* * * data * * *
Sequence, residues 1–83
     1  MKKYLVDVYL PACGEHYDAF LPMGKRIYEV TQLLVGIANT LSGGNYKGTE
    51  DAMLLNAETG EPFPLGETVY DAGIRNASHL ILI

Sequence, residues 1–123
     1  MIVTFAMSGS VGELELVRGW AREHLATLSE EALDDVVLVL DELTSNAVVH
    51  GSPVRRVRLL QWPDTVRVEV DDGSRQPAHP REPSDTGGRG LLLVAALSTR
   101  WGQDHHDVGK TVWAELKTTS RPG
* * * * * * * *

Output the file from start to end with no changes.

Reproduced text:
Sequence, residues 1–83
     1  MKKYLVDVYL PACGEHYDAF LPMGKRIYEV TQLLVGIANT LSGGNYKGTE
    51  DAMLLNAETG EPFPLGETVY DAGIRNASHL ILI

Sequence, residues 1–123
     1  MIVTFAMSGS VGELELVRGW AREHLATLSE EALDDVVLVL DELTSNAVVH
    51  GSPVRRVRLL QWPDTVRVEV DDGSRQPAHP REPSDTGGRG LLLVAALSTR
   101  WGQDHHDVGK TVWAELKTTS RPG